Brake efficiency and balance is usually checked on a roller brake tester. In certain cases where a roller brake tester may not be used (for example on certain 4-wheel drive vehicles) it may be necessary to check brake efficiency and balance on a road test, with a portable decelerometer.
Inside the car
Electronic parking Brake (EPB) warning device must not be indicating a malfunction
Electronic stability control (ESC) component must not be obviously missing, damaged or inappropriately repaired or modified
ESC wiring must not be excessively damaged
ESC warning lamp must be present, working and not indicating a fault
ESC Swithch must not be insecure or faulty
A brake slack adjuster must not be defective or incorrectly installed
A brake fluid warnimg lamp must not be inoperative or illuminated
Class (v): Electronic braking system (EBS) warning device must not be inoperative or indicating a fault
Anti-lock braking system (if fitted) warning lamp is checked for:
Sequence of operation
Sufficient reserve travel on the footbrake
Pedal rubber not worn to excess
Correct operation of the servo assistance system
ABS and ESC components and associated wiring/switch checked for presence and condition
This could be hand, foot or electronically operated. Checked for reserve travel so that it doesn't reach the stops on application. The mountings will be checked for security and/or corrosion.
The brake lever or control will be a fail if:
defective or located so that it cannot be satisfactorily operated
any inappropriate repair or modification
During a decelerometer test, if vehicle deviates from a straight line when parking brake applied then this becomes a fail.
Anti-Lock Braking (ABS) and Electronic Stability Control (ESC) Systems
The inspection applies to all systems, original equipment or 'aftermarket'. Will be checked for being fitted (if originally specified), illuminating, not indicating fault, ABS to follow correct sequence.
If ABS or ESC system has been intentionally rendered inoperative the whole system, with the exception of sensor rings or other components which form part of another component.
Reasons for rejection:
component missing, damaged, inappropriately repaired or modified wiring excessively damaged
Does not illuminate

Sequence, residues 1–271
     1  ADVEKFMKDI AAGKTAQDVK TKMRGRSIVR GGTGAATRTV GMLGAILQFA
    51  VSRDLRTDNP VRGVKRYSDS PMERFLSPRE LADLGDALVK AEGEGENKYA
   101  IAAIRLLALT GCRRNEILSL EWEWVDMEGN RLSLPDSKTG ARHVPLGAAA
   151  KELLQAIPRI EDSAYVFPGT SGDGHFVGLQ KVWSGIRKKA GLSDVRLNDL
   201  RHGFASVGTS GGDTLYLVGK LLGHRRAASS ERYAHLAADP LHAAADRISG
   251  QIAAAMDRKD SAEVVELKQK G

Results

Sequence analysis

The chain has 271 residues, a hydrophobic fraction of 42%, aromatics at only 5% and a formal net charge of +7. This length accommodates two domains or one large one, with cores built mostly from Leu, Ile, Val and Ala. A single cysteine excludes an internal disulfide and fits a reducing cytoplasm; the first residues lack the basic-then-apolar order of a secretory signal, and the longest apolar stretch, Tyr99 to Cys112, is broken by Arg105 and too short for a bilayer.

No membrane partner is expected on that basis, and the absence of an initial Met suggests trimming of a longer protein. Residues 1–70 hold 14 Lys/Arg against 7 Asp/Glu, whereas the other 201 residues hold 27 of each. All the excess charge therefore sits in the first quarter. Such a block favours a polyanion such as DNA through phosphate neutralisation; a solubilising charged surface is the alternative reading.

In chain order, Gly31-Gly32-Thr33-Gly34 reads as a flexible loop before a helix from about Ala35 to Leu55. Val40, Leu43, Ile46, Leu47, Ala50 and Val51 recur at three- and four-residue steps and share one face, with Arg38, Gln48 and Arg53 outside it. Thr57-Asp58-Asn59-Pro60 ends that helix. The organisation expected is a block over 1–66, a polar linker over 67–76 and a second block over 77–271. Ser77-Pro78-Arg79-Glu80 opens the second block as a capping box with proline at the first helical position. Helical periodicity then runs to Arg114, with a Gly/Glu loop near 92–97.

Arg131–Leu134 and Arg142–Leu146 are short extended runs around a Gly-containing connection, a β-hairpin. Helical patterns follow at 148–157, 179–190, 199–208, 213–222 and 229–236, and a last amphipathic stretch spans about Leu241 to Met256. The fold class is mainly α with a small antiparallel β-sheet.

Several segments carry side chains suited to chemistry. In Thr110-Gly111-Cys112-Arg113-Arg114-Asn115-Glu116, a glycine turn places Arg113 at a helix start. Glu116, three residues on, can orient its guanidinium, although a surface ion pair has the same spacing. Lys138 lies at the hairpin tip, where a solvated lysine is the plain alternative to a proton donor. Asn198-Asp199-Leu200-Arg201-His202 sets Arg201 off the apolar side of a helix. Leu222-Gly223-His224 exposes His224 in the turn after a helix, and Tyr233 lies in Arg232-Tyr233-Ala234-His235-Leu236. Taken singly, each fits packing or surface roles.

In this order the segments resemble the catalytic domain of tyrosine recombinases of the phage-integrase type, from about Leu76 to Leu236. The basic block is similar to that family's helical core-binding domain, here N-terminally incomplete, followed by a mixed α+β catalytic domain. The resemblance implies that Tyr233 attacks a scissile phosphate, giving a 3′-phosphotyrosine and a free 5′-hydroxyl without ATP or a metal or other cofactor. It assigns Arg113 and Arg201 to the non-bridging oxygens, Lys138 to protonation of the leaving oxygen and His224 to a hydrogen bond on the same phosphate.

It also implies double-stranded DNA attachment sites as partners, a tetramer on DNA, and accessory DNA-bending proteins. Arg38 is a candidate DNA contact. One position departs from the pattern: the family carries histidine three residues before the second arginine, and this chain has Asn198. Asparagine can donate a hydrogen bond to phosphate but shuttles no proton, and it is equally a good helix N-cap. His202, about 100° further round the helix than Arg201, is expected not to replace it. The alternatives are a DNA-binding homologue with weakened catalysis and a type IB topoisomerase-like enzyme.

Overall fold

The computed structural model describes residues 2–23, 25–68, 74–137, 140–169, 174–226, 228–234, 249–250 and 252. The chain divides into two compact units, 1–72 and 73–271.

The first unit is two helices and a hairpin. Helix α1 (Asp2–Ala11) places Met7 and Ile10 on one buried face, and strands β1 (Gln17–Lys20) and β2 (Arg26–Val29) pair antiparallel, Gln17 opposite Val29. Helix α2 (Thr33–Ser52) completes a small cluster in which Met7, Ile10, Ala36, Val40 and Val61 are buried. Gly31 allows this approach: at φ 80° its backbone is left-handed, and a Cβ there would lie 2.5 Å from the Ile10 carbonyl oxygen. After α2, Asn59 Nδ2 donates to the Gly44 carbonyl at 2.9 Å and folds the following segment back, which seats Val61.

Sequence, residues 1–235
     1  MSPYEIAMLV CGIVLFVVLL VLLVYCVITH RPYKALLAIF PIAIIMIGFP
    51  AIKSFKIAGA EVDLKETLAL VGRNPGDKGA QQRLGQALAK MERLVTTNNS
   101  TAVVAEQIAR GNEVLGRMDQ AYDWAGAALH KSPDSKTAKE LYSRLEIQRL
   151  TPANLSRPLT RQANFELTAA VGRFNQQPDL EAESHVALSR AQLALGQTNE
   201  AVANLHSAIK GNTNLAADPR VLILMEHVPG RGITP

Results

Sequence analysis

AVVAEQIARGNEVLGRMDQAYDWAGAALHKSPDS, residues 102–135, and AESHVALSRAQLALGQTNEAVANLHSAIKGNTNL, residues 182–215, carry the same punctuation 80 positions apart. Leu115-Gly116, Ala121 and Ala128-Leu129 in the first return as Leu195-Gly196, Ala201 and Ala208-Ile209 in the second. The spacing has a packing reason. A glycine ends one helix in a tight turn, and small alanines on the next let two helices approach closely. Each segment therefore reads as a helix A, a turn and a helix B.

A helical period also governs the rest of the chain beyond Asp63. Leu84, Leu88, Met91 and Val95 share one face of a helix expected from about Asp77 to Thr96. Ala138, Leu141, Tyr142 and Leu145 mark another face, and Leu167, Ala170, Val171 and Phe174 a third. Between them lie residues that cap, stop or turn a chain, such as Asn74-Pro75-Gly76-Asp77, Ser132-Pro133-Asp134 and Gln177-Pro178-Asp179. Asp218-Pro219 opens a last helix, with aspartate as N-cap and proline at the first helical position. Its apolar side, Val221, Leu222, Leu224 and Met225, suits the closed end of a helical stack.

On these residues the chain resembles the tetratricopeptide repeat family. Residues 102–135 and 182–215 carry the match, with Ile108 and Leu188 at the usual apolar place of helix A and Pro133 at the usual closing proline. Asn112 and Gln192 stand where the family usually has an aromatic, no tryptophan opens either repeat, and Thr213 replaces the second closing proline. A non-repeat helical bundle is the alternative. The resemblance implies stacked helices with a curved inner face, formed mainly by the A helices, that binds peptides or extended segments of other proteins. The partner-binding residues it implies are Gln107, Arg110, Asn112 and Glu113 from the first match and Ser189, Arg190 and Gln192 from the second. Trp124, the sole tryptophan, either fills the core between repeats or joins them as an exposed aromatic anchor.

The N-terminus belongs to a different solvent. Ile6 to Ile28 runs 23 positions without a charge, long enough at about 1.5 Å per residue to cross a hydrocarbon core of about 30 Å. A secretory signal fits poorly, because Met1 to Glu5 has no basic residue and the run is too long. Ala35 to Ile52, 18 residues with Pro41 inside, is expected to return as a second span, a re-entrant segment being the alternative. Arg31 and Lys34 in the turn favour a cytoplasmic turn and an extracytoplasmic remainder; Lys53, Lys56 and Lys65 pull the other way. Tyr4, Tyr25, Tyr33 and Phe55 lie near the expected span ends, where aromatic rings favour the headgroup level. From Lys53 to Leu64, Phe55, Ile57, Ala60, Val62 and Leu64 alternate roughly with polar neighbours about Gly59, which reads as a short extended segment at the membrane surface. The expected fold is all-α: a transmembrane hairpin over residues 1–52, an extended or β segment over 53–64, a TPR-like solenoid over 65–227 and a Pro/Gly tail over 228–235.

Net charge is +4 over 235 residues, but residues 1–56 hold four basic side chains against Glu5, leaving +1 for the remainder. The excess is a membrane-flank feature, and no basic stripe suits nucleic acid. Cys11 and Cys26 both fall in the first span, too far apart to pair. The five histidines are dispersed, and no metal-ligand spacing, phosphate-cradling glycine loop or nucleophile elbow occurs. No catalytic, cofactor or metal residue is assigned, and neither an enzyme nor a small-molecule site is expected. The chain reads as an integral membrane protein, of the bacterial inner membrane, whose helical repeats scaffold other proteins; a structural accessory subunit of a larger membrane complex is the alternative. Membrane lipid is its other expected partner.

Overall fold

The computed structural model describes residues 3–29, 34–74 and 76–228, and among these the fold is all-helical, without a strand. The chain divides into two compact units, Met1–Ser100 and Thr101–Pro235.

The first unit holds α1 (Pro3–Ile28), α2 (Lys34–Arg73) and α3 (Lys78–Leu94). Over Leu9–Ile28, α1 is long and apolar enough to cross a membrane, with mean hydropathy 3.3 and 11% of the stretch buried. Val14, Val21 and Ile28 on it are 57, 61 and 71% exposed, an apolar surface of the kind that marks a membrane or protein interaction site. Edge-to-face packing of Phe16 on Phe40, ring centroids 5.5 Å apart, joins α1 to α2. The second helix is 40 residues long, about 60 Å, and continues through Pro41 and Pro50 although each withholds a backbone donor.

Indicates a fault
(For ABS) does not follow the correct sequence
ABS or ESC
Component missing or excessively damaged
Wiring excessively damaged
Inappropriately repaired or modified
Switch faulty or insecure
Under bonnet checks
Master cylinder and servo unit are checked for leaks with the engine on and the brakes applied
Servo unit will be checked to ensure it is operating correctly
Visible metal or flexible brake pipes will be checked for corrosion, condition, fouling or leaks
Under vehicle checks
Flexible brake pipes and any other metal brake pipes visible beneath the car are checked
Discs and drums (external only) checked for condition and contamination
Brake back plates and caliper securing devices are checked for condition and security
Condition of the brake pads will be checked if visible
The assistant operates the handbrake and the condition of the linkages and/or cables is checked.
On some vehicles there will be a brake compensating valve beneath the car which will need to be inspected for fluid leaks
All components checked for security, condition and operation.
Reason for failure:
Component inappropriately repaired or modified
Retaining or locking device insecure
Cable, rod or clevis joint insecure
A load sensing valve seized, inoperative, function impaired or incorrectly adjusted
Air brake actuator dust cover missing or not preventing ingress of dirt etc.
Brake performance check
The performance of the front and rear brakes and handbrake are checked for efficiency and balance using specialised equipment.
Horror story: Brake disc
When the owner of this vehicle dropped it off with Martin, at Discount Tyres in Sittingbourne for its MOT, they mentioned a noise which had been coming from the front of the vehicle when braking.
Martin offered to carry out an inspection of the brakes but the owner declined and asked only for the MOT to be done.
When driving the vehicle in for test, Martin noticed the ABS light was on. When carrying out the underside inspection, he couldn't see a brake disc on the nearside front, so decided to abandon the test.
The picture shows what Martin found when he removed the wheel.
Martin abandoned the test as he felt it wasn't possible to complete all aspects safely. A decision we can't argue with. Obviously in situations like this, conducting a brake test would be out of the question.
If the rest of the test can be completed, without risk of further damage or injury, then the reason for rejection 'Item not tested' (RfR 3.7A1), could be used to fail the vehicle, along with a note that a brake test was not conducted.
Luckily this owner made it to their MOT before suffering more serious consequences.